Sanna Marin: Estonian leader apologises after minister calls new Finland PM ‘sales girl’

Interior minister criticises world’s youngest leader adding that ‘street activists and non-educated people have also joined the cabinet’

Kate Ng
Tuesday 17 December 2019 15:08
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Sanna Marin: 'I'm still a real person'

The president of Estonia has apologised after her country’s interior minister referred to Finland’s new prime minister as a “sales girl”.

Kersti Kaljulaid​ said the comments made by 70-year-old Mart Helme were “embarrassing”, after he criticised the newly-appointed youngest leader in the world on his party’s radio talk show.

Sanna Marin, 34, was named prime minister last week, and the news has largely been greeted with positive reactions around the world.

But Mr Helme, the leader of populist far-right party Ekre, made a condescending reference to Ms Marin’s stint as a department store cashier early in her career.

He said: “Now we see how one sales girl has become a prime minister and how some other street activists and non-educated people have also joined the cabinet.”

The mocking remarks led the opposition Reform Party to call a vote of confidence in the minister, as well as mounting pressure for prime minister Juri Ratas to step in and fire him.

Estonia’s 101-seat parliament voted in favour of removing Mr Helme on Tuesday by 44 to 42, but the motion failed to pass because it did not reach an absolute majority of 51.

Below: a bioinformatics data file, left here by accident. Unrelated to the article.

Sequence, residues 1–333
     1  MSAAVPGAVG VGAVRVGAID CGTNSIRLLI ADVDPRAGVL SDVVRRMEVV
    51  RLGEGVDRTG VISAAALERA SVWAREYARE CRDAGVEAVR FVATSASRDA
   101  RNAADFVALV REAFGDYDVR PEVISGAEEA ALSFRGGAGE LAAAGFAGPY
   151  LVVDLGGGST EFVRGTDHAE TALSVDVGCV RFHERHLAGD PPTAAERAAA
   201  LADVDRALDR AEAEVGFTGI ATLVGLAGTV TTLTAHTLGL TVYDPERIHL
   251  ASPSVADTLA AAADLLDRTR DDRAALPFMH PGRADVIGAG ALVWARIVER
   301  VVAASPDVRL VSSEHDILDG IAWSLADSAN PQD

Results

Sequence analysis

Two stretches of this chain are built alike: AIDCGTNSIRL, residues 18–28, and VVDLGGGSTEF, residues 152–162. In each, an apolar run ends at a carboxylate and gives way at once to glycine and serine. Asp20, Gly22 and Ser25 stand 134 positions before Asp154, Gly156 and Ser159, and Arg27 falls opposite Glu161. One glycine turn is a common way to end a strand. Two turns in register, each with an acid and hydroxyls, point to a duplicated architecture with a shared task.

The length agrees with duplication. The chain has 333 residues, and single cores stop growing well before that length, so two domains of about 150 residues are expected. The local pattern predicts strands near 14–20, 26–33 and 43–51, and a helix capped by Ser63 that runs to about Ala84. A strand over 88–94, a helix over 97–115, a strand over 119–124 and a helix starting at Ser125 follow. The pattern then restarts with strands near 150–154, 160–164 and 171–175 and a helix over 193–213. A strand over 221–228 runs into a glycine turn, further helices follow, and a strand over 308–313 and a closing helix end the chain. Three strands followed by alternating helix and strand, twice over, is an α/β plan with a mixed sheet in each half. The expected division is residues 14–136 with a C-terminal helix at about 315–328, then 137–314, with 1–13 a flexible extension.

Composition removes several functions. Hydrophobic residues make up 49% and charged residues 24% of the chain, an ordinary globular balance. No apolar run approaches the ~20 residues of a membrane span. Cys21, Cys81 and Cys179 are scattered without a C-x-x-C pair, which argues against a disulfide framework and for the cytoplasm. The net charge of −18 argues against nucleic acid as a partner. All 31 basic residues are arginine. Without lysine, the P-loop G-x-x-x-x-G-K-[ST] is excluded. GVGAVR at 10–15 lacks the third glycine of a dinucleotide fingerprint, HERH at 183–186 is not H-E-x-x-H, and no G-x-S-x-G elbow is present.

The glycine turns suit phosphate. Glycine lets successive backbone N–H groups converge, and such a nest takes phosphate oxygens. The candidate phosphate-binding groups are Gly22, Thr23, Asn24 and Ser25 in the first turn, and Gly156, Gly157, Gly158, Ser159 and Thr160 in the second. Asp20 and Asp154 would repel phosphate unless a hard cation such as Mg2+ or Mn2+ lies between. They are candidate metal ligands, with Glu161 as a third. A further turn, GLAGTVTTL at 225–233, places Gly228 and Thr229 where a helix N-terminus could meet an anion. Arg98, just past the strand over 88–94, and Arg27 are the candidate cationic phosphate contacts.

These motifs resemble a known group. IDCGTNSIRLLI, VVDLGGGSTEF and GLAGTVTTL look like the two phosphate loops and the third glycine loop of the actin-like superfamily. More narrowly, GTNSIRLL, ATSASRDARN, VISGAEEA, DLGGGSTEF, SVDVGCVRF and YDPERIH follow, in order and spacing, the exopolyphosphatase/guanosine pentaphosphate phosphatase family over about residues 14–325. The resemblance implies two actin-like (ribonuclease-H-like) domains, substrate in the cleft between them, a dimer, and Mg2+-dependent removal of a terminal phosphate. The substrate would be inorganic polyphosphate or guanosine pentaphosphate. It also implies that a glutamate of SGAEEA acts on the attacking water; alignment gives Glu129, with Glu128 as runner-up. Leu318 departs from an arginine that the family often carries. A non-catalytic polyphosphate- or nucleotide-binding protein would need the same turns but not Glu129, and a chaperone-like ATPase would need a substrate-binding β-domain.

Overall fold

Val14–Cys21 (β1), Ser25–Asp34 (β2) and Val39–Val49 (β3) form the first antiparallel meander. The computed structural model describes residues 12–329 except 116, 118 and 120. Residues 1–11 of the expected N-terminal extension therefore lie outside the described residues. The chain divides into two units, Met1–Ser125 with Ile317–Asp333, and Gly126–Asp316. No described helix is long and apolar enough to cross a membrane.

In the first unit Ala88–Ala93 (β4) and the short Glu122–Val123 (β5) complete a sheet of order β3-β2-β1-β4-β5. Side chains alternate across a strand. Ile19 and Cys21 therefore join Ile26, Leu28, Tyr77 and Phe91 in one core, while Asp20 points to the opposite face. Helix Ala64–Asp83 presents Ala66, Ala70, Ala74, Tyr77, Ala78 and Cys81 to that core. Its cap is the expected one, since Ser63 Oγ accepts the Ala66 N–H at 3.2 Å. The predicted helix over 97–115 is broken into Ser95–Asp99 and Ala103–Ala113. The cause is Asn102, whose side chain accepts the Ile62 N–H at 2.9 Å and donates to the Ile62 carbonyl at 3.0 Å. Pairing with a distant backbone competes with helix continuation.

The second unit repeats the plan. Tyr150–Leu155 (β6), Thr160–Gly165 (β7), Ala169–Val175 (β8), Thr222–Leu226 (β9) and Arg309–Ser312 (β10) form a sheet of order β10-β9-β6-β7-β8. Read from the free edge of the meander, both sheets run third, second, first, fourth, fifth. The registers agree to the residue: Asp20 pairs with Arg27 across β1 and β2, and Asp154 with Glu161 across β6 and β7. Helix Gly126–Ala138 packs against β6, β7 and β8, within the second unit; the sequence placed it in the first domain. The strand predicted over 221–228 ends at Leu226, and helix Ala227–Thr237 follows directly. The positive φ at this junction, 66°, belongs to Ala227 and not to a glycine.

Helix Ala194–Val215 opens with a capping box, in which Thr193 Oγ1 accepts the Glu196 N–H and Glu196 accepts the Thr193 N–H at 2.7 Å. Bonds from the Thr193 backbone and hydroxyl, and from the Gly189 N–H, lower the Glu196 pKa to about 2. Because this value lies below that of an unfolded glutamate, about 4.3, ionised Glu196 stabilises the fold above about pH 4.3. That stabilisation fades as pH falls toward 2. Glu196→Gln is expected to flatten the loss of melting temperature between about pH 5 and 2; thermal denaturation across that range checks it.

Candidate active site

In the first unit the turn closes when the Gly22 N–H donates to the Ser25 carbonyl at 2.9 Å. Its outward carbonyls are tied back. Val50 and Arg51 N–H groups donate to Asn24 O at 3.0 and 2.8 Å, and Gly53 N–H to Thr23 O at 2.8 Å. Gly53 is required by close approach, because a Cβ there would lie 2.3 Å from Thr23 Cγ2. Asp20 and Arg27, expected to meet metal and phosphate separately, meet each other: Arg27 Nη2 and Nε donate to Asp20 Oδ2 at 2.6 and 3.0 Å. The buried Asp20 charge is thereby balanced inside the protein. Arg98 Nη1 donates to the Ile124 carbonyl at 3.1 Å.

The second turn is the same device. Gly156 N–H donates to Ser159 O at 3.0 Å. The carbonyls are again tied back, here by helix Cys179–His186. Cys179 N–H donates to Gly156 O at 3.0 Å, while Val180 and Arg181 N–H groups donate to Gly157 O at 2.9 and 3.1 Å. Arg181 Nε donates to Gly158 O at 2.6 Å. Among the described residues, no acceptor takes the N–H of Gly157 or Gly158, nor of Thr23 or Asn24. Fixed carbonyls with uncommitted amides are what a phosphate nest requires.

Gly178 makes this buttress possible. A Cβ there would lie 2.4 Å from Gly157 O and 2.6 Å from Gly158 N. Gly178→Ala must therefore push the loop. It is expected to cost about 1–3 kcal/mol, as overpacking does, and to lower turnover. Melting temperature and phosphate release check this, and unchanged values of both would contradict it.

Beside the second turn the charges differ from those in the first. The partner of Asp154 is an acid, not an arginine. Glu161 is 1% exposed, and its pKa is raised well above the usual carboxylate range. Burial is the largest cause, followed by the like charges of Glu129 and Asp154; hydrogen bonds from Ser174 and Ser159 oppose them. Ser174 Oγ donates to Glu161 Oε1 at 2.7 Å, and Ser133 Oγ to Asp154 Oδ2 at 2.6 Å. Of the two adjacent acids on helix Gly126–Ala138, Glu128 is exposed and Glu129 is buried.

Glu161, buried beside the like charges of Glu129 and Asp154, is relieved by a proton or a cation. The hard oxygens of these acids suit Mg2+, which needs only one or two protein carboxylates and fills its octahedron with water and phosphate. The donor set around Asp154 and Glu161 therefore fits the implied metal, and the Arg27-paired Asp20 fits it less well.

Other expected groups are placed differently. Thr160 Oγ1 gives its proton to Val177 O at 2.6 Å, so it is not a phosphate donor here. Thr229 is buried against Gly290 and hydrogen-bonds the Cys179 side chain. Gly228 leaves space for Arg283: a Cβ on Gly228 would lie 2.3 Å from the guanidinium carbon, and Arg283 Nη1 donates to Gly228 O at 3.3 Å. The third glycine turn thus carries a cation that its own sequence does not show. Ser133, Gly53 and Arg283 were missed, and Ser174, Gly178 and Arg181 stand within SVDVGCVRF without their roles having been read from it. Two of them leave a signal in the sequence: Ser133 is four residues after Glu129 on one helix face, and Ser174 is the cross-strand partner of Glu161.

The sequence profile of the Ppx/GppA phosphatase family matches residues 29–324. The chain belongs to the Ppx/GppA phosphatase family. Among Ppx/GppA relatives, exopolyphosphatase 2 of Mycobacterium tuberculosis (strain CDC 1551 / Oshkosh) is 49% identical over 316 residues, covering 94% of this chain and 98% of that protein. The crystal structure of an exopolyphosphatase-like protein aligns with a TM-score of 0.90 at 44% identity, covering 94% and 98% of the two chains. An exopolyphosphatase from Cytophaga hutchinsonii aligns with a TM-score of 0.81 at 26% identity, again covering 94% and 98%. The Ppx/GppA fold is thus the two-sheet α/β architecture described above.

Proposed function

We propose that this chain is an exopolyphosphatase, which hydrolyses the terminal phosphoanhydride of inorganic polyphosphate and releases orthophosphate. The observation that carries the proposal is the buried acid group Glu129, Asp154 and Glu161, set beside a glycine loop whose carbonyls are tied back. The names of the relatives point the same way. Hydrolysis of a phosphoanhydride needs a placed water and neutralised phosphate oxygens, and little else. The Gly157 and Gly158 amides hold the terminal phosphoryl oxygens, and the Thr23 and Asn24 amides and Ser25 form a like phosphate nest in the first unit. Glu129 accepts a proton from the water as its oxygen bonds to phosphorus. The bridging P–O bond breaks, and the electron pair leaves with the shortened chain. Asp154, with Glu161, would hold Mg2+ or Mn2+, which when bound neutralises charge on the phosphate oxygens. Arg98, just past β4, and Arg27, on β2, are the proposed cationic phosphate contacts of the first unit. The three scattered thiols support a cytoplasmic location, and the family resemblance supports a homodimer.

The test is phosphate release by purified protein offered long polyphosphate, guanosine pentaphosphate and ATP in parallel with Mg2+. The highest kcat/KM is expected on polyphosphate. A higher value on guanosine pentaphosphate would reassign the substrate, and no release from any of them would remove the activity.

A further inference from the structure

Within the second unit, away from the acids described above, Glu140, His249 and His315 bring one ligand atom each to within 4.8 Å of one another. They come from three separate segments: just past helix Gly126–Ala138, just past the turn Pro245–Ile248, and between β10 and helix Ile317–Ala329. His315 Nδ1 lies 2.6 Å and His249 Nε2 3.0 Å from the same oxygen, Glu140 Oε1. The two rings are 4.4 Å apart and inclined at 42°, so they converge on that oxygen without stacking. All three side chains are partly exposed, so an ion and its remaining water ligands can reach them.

Ms Kaljulaid phoned her Finnish counterpart Sauli Niinisto to offer a public apology on behalf of the country and her government, BBC News reported.

She said: “I also admitted to him how embarrassed I am for all this.”

It is not the first time Mart Helme has been criticised over sexist remarks

Mr Helme has also apologised, but blamed the media for misunderstanding his comments.

He said: “If someone has misunderstood it ... then indeed I want to say that I am offering my apology to the prime minister of Finland.”

Ms Kaljulaid is no stranger to Mr Helme’s sexist comments, having been on the receiving end of them when she became the country’s first female president.

He called her “an emotionally heated woman” earlier this year.

Estonia’s finance minister and deputy chair of Ekre, Martin Helme, defended the interior minister’s remarks, telling local reporters that they should have been interpreted as “praise”.

“As to what he said – that a sales girl could become a prime minister. That’s a type of praise ... We live in an age where everyone likes to be offended but nothing there was offensive,” he said.

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